Fill in the Lookup_value, Table_array, Col_index_num, and Range_lookup fields in the Functions Arguments wizard specified in the first method.
Hit the OK button when you’re done, and the VLOOKUP function will return the results from the arguments you entered.
Both methods will successfully query the data you need in reference to the first column. The Formulas Argument wizard makes it easy to input the variables to make the VLOOKUP function work.
This guide was based on Microsoft Excel for Windows 10.
However, the VLOOKUP function also works on the web version of Excel. You also get to use the Functions Argument wizard or create the VLOOKUP function manually on the web version.
Before we learn how to use Excel VLOOKUP function, we must learn when do we use Excel VLOOKUP function?
Task : Imagine if you have to find when does train no. 6948 departs in the schedule chart above?
 Your approach: You will scan the first column top to bottom. When you find the same train no., you stop there. Then you scan that row rightwards. Once you reach to the fifth column, you see the answer 23:00.
 Observation: Please note that train no. 6948 is in the first column and it does not repeat. The train nos. are not sorted either.
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Definition:
Excel VLOOKUP function helps “pull” value from a table with the help of a matching ID or unique identifier.
In the Example given below, we need to find asset description of three IDs in Table 2. Table 1 has the details of ID wise asset description.
You can already see that the ID 7951 refers to Computer Table. That’s because this is a simple example. However, using Excel VLOOKUP function, you can easily find asset descriptions of 1000s of such IDs in less than a minute. This function is very helpful when you have a large amount of data.
I think finding Excel related query and searching on google, not finding the right answer, don’t you think its quite frustating? Its better you enroll in Beginner to Advanced Excel Course & stop for looking for related query.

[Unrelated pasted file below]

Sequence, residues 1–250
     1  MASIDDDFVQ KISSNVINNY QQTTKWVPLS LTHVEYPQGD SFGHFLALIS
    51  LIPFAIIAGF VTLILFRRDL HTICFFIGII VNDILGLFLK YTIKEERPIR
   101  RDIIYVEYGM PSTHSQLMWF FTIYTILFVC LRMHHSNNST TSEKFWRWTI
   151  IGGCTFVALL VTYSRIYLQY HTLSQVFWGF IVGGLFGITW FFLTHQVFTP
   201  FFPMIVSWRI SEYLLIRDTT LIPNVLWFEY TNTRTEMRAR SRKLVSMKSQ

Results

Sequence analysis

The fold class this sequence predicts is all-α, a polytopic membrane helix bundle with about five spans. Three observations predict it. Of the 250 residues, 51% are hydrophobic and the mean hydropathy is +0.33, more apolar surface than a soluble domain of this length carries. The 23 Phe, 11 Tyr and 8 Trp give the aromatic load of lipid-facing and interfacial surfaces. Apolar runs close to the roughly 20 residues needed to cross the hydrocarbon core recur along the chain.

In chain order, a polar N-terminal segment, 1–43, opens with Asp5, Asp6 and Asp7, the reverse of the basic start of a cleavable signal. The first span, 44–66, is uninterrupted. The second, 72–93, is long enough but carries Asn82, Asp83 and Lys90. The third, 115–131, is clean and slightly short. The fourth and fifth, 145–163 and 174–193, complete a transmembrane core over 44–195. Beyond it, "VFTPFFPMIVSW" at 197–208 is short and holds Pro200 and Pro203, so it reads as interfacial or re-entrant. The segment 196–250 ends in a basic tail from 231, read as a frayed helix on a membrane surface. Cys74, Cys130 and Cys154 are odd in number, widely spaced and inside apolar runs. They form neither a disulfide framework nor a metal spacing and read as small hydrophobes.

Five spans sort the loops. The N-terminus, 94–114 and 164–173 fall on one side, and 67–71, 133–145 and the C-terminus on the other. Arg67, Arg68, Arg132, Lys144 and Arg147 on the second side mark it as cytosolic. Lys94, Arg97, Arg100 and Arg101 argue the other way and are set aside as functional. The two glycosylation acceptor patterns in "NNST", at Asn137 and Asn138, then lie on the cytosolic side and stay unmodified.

There are four pieces of information that you will need in order to write the
Excel VLOOKUP function:
 lookup_value: Refer marker “A” in the picture above. First, parameter lookup_value is the unique value or ID Code whose Asset Description is to be found. g. 7951. Some refer such ID code as a primary key.
 table_array: Refer marker “B” in the picture above. It is the table whose first column must contain the lookup_value or primary key. One of the columns of the table_array will contain details of Asset Description.
 col_index_num: Refer marker “B” in the picture above. The table_array chosen above has 2 columns. The second column contains Asset Description. Hence, col_index_num is 2.
 range_lookup: 0 or FALSE indicates an exact match. It means if your primary key in the example above is 7951, then provide asset description only and only if the same key is found in the first column of table_array selected. Else #N/A! an error will be given. We will discuss the situation when to use TRUE or 1 in another blog.
Let’s walk through the process of writing Excel VLOOKUP function like a Pro.
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Steps to learn how to use Vlookup Formula in Excel
 Step 1:Refer VLOOKUP example picturegiven above. Type an = (equal sign) and begin typing “VL” to start an Excel VLOOKUP function. Excel displays a dynamic dropdown list of valid functions starting with the letters VL. Choose the desired function from such list and press TAB key. This will autocomplete the Excel VLOOKUP function =VLOOKUP(
 Step 2: Refer the VLOOKUP example picture given above. Choose the cell F4. It contains the ID code 7951.
 Step 3: Refer the VLOOKUP example picture given above. Choose the table range where ID codes are given along with the asset description in subsequent columns. The first column of the table_array MUST contain the lookup_value or the primary key.
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 Step 4: Refer the VLOOKUP example picture given above. As soon as table_array is chosen, press function key F4 to lock the range selection with four $ signs. This ensures that as the function is copied and pasted below, the range remains B2 :C6 for all. Not doing so may give errors instead of correct answers. Watch the VLOOKUP example picture below. The initial range B2 :C6 has changed to B4 :C8 .
A reason for the error (#N/A): As the Excel VLOOKUP function is copied and pasted below, the table_array changes from B2 : C6 to B4 : C8 . This means that the ID code 7082 is being looked up in the revised range. The revised range does not contain the ID code 7082.
 Step 5:Refer the VLOOKUP example picture given above. Now we need to specify the correct column sequence number from the table array. Column number 2 refers to the second column of the chosen table_array. Col_index_num can be 2, 3, 4 … n. It cannot be a negative number or a fraction. E.g. using 1 will not give Serial No. 04.
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 Step 6: True (1) and False (0) refers to approximate and exact match, respectively. In the VLOOKUP example picture given above, we want the exact match. E.g. ID 7951 should give the answer “Computer Table”. If the ID 7951 were not present in Table 1, then #N/A will be the answer. It will not look for any close match such as ID 7950 or 7952.
Next Step: Simply drag the cell down using Autofill handlebar. This will help give answers to all the three ID codes.